Loading ...
Sorry, an error occurred while loading the content.

ICELAND GULL (glaucoides!), Humboldt County

Expand Messages
  • Rob Fowler
    Hello birders, Posting this for Todd Easterla who doesn t have access to a computer: It was definitely a great start to the new year for a few fortunate
    Message 1 of 1 , Jan 1, 2007
    • 0 Attachment
      Hello birders,
      Posting this for Todd Easterla who doesn't have access to a computer:

      It was definitely a great start to the new year for a few fortunate birders
      today on the South Spit of Humboldt Bay. Todd Easterla, after finding a 3rd
      cycle Slaty-backed Gull yesterday on the Centerville CBC, found an apparent
      1st cycle ICELAND GULL of the nominate form, glaucoides, while looking for
      the Slaty-backed. The bird was present in a gull roost on a sand spit near
      the northern end of the South Spit and was first seen by Todd and Tanner
      Easterla, John Hunter and, about a half-hour after the initial finding, was
      joined by Scott Carey, Jim Tietz, and myself. The bird was found by Todd
      around 1:00 p.m and seen until approximately 2:00 p.m. when it then flew off
      with other gulls; it was followed by Todd and I until it dissapeared from
      our view miles south of us in the southernmost portion of Humboldt Bay. The
      bird was photographed by Todd, Tanner, and Scott and it sounds like some
      decent photos were taken for documentation. The bird was very easy to pick
      out of the flock of gulls it was present with as it was overall just a
      "white" looking bird and was similar in size and structure to a Thayer's
      Gull. I'll save the fine details of the bird for the CBRC write up but if
      one would like to know what this bird looked like it was most similar to
      photo number 246 in the Gulls of North America, Europe, and Asia by Klaus
      Malling Olsen and Hans Larsson. It was different from this photo, however,
      in that the most distinct marbling on the wings were present most noticeably
      on the greater coverts and some on the median coverts, and possibly a little
      marbling on the lesser covs and scapulars (only really seen at certain
      angles in relation to the sun). The undertail coverts were white with
      horizontal light brown barring. The primary extension past the tail was very
      long. In flight the wings were pale with no hints of dark in any of the
      remiges. The bill was small with a pinkish base and a dark distal 1/3 of the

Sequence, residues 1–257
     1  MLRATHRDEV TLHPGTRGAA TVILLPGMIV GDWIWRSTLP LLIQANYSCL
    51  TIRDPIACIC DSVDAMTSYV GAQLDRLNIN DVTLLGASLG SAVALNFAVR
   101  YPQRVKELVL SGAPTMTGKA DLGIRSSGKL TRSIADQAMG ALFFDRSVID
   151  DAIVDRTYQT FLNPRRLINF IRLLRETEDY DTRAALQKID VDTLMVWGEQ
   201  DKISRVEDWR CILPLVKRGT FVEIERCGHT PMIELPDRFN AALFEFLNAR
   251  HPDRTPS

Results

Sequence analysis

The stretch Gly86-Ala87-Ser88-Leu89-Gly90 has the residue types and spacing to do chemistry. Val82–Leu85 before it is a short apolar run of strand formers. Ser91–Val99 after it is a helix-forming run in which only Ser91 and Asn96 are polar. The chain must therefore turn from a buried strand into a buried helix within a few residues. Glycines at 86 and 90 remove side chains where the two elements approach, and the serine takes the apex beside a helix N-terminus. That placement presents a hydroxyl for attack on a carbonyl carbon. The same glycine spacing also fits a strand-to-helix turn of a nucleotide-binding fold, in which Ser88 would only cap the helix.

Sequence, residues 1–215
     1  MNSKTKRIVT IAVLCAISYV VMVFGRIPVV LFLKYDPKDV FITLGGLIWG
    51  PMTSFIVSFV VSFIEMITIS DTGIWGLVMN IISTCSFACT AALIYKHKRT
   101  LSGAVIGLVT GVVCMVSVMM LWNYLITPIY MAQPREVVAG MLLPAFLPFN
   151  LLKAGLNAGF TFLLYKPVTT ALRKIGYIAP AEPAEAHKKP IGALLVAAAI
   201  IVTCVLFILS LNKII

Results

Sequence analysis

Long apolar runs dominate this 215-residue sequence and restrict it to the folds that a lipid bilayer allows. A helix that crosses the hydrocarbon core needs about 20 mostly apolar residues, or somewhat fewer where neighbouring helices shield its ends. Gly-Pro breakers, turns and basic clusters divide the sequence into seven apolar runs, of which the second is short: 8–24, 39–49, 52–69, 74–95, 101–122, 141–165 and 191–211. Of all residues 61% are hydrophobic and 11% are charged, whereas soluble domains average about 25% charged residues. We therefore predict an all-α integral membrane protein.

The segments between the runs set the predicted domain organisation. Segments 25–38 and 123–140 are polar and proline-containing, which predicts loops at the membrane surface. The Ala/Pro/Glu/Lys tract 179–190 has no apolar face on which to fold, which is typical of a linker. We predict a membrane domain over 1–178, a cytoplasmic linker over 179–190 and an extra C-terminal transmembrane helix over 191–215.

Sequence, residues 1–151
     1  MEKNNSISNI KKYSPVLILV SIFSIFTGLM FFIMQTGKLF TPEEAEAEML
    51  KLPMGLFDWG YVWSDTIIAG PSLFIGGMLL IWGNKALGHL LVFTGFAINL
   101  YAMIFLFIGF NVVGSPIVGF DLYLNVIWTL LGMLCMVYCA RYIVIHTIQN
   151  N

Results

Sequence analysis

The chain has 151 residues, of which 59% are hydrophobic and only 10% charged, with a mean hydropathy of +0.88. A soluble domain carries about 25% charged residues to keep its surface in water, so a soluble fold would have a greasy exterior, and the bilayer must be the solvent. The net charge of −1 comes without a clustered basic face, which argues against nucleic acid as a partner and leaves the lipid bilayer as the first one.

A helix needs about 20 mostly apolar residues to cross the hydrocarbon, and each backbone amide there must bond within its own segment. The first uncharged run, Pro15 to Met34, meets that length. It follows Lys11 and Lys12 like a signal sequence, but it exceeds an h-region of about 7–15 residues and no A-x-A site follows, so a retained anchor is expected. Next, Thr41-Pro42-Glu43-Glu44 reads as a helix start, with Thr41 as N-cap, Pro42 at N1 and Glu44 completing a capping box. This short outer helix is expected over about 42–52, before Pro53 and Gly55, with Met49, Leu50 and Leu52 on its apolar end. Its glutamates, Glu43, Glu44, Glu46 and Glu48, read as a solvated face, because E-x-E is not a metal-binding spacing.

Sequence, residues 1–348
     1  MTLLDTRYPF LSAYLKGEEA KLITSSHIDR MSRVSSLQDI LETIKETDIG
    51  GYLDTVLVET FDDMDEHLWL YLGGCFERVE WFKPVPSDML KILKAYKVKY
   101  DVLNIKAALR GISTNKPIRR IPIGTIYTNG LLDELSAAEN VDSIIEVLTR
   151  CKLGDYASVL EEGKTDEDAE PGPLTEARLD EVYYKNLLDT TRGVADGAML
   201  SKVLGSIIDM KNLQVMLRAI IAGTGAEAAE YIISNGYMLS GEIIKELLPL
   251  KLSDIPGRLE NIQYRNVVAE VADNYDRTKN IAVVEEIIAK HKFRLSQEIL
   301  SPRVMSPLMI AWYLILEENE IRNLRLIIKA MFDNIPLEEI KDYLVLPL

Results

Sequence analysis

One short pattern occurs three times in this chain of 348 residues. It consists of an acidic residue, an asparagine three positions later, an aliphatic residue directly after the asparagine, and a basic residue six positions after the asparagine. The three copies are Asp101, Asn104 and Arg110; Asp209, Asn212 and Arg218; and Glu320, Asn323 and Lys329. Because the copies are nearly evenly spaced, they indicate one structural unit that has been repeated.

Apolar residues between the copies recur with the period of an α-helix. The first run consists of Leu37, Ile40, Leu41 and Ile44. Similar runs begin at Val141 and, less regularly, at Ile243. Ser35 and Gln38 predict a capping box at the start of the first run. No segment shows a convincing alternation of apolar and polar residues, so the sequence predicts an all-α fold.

bill that wasn't as clearly demarcated as on a Glaucous Gull of similar age.
      The true color of the bill was only really noticeable (to me, at least) when
      it was in direct sunlight, otherwise looking darkish. Anyways, with some
      brief research this may only be the second record that I know of of the
      nominate glaucoides Iceland Gull in California, the only other one of an
      apparent adult in Sonoma County some years ago. Correct me if I'm wrong.

      For people wanting to look for this bird take Highway 101 to Hookton Slough
      Road which is north of the town of Loleta. Take Hookton Slough Road west,
      which sooner or later turns into Table Bluff Road, following it all the way
      till you get to the south spit of Humboldt Bay. Once at the south spit
      continue driving north to about the northern third of the spit. Looking
      northeast sooner or later you'll see a large lone cypress in the distance
      (this is the only distinct large tree in the area). On the east side of the
      road there is a hunter access point that is about a 1/2-3/4 mile southwest
      of that lone cypress. Pull into that access area and park at the end next to
      the bay. If you reach a gravel road that goes east from the main road
      towards the large cypress you've gone too far. Looking north-northeast there
      is a sandspit that the gull flock was roosting on and is also a popular area
      with Brant that use the area for aquiring grit. Only when the tide lowers
      does this spit appear. Due to the tide I think that anytime after noon the
      spit should become visible and gulls should be present for maybe 3 hours
      after that. Good luck if you try for it!!!!!

      Happy New Year,

      Rob Fowler
      Arcata, CA


      [Non-text portions of this message have been removed]
    Your message has been successfully submitted and would be delivered to recipients shortly.